Wedding Retouching: Practical Demonstration

Wedding photography is a huge market in the photography industry, but it’s a genre of photography that requires, at the very least, certain levels of retouching.

In this photography class Karl works on a wedding photograph, highlighting and explaining how to remove all the small distractions to reach a more pleasing final image with a strong focus on the bride and groom.

You’ll see how minor adjustments to color, crop and symmetry can make a big difference in the end as Karl works through the image, making use of tools such as the Transform tools, Clone Stamp and Curve adjustments, all while using useful keyboard shortcuts to speed up his workflow.

Download the work-along file

In this class:

  • Photoshop tutorial: How to retouch wedding photographs
  • Wedding retouch tips
  • Working with layers and layer masks
  • How to use the Transform tool in Photoshop
  • Making color adjustments in Photoshop using curve adjustments
  • Resizing an image – Canvas size

For more advanced retouching techniques for wedding photography, watch our Wedding Couple Retouch classes.

If you have any questions about this course please post them in the comments section below ?


  1. My color replacement tool is not working in any way like yours is. It grabs much larger areas and stubbornly sticks with them. If I adjust the fuzziness either direction from your setting it either grabs even more of the areas I don’t want or it leaves large chunks out – generally in non-contiguous areas. Thoughts on what might be driving this? Oddly enough – if I run Select -> Color Range I am able to match your selections without issue.

    1. Doug, do you have any of the other checkboxes ticked such as localised colours, are you on the correct layer when making the selections and are the sliders at the bottom set the same. Can you also point me to what time in this video please if you have any further questions.

  2. HI Karl, Sorry for the small question but is there a reason when i want to rotate my selection , there is no visible pivot point in the middle?

    1. Sorry I figured that out…now i have a new question…i copy the pillar on the left flip it horizontally align it etc then copy cutout layer, turn off the copy and create mask on cutout layer…select the mask then when i want to paint in black over the mask, nothing happens. it doesn’t show the original layer underneath as its supposed to. What am i doing wrong?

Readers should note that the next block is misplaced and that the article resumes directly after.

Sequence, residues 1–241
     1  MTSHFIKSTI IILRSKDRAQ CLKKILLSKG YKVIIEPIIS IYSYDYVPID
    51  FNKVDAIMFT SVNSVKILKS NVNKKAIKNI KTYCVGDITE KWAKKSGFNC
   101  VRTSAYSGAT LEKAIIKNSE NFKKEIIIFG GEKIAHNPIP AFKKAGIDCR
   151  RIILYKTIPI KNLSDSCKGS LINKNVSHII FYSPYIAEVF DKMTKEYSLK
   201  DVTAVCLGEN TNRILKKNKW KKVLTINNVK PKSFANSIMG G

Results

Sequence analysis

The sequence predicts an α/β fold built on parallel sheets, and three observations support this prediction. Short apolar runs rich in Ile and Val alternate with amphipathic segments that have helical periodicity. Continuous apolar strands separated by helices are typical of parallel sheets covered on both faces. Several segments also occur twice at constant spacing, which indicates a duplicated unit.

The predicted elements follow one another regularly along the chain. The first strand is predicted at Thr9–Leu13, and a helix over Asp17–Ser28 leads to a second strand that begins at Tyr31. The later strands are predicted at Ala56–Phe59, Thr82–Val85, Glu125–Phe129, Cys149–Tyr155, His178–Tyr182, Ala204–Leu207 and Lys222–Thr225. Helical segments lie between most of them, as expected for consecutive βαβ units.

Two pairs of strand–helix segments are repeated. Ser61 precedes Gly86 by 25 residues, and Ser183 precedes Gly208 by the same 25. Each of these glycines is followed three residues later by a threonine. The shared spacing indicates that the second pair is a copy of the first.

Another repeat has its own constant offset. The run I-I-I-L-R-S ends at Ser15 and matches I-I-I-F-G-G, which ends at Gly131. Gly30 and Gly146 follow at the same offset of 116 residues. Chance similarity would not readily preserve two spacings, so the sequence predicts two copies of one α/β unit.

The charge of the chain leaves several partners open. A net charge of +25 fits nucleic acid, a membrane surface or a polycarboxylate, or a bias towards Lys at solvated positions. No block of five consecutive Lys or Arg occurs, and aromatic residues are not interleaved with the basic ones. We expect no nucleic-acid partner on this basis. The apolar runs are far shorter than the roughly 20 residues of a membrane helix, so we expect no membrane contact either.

3. Awesome tutorial! Even more than the demonstration of the tools, I enjoyed and learned from what you were thinking to make a more successful image. It seems it would be super easy to OVER post the pic (like removing the rug by the groom) but your process of being editorial during the modifications was impressive.

  4. Hi Karl.

    Experimented, and if you get the image straight as a first step, the simetry is automatic… just cut and place on the right, spot on!

  5. Wow, impressed. The most valuable in these tutorials is that they show the author’s mind-set. Tools can be learned comparatively easily, but the decisions one needs to make is what requires years of experience.

  6. This particular lesson changed the way i “see images” completely.
    Awesome work and explanation!

  7. Many thanks for this lesson and the series on Photoshop! It has shown me a lot of tools in photoshop that i’ve never really used before.

  8. Hey Karl, I had a question regarding the part in which by using the clone stamp tool to remove the window in the back of the church.
    If this picture were to be printed, wouldn’t that “dark area” come out a little odd?
    I understand it might have to do with how well of a job you have done to remove and hide it, but i’m wondering, how well can one hide that in a print?
    Like not just a tiny print but a full blown big poster size to billboard print.

    1. Hi Jacques, on that type of retouch it is very easy to hide the retouching if it is done well even on a large print. The fact is when you zoom in to 200% in photoshop you are seeing as much detail as you will see in a print (although not necessarily the same tonal range). Even very complicated retouching can be completely imperceivable, I would say that the most obvious retouching is when lots of items are comped together which is why I try to do as much in camera as it saves time and looks more natural in the long run.

  9. Good patient work Karl. Taking out the tiny weed clumps on the steps right at the bottom would improve further. There is also a repeat pattern running across the step at the very bottom which is easily healed for more improvement. I might have also been tempted to change a few leaves in the wall plants and pot plants so that they are not exact mirror reflections. But I realise you are just showing us the technique as an exercise ☺

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